The National Research Council’s report, Biotechnology Research in an Age of Terrorism provides basic guidelines for the future of safe biotechnology research. It recommends educating researchers on the potential misuse of their biotechnology research (see footnote below), creating international organizations and standards (i.e. an IAEA of biotechnology), requiring oversight with “experiments of concern”, and reviewing the scientists’ publications. Since biotechnology research is “dual-use”, the report acknowledges that implemented regulations cannot hinder the advances that benefit society, particularly in relation to health.
However while it acknowledges the impacts biotechnology has on society, the report forgets the converse. As we discussed with McKenzie’s work on missile accuracy, societal factors influence the way research is conducted. Biotechnology is no exception. Biotechnology research requires a team working through trials and errors within an institutional framework. Therefore, I think the focus on the publication of sensitive information as a security without full consideration of what actually went on in the lab is founded on some incorrect assumptions.
For instance, when providing examples of potentially dangerous publications, the report references the synthesis of the poliovirus genome in the Wimmer lab. It asserts that the scientists used “standard and quite simple procedures for incorporating the IL-4 gene in to the mousepox genome” and because the methods were so standard, the publication of their process provides a “blueprint for terrorists.”
Kathleen Vogel’s article, Framing biosecurity: an alternative to the biotech revolution model?, pushes against the straightforward nature of the procedures. She notes that the results hinged on knowledge gained from years of research, and practices that the lab itself had developed. She concludes that the Wimmer experiment was “not based on cutting edge technologies, but was rooted in more evolutionary and well established laboratory practices and techniques” (Vogel). In other words, synthesizing a polio virus is not as cut and dry as the report suggests. The technological breakthrough was a product of great research and years of experience.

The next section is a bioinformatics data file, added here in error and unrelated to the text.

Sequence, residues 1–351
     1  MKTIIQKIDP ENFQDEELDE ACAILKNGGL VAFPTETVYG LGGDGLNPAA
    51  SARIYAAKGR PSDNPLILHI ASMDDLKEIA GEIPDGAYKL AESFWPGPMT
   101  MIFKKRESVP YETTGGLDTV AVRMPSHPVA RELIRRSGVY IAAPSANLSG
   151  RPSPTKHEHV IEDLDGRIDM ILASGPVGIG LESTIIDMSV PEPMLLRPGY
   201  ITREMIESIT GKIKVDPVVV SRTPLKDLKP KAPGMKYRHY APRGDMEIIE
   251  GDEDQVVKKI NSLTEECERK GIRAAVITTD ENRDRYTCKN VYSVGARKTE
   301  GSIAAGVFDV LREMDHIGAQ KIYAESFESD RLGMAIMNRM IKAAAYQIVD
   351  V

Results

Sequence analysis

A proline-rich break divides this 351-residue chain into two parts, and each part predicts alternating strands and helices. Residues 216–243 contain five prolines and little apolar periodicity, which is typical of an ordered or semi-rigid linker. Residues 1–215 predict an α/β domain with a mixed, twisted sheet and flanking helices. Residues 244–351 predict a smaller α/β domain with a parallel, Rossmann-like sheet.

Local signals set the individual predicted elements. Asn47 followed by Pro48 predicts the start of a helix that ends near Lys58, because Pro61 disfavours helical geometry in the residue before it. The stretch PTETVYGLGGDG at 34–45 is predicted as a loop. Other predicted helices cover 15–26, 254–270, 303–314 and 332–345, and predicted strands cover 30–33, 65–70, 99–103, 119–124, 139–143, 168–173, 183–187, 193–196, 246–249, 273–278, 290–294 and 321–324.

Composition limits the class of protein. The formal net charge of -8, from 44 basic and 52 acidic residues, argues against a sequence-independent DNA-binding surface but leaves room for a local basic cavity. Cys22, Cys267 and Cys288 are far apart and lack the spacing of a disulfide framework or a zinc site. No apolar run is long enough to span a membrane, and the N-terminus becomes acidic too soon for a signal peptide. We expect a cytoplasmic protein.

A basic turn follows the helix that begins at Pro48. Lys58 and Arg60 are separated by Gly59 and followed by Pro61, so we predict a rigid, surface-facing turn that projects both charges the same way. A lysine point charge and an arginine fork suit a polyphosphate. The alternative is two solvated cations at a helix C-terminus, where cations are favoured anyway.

In my opinion, this means that the report’s recommendation to limit scientific publications, even on a level of self-governance. Because of the institutional knowledge required, we should worry less about what specific information is made public. For similar reasons, it’s hard for me to imagine ‘amateurs’ reading a paper which discusses the methods of how to synthesize a polio vaccine and then having a lethal garage-made virus the next day. In terms of bioterrorism, I would be more worried about researchers taking their experience and “going rogue”. To curb this in the future, I don’t see it being unlikely for researchers to be required to have credentials or clearances to work with certain materials.
Do you think the omission (censorship?) of certain methods is an effective tool to manage dual-use research in relation to the other recommendations? If so, who decides how the methods should be edited? The scientists? The publishers? The government? Furthermore, is there anything that you would change about the report’s recommendations? — Tori
Footnote: I believe these discussions about the potential hazards of research also include the accidental release of biotechnology. For those interests, in the field of synthetic biology, suggestions of safeguards include working with auxotrophic organisms and gene-flow barriers.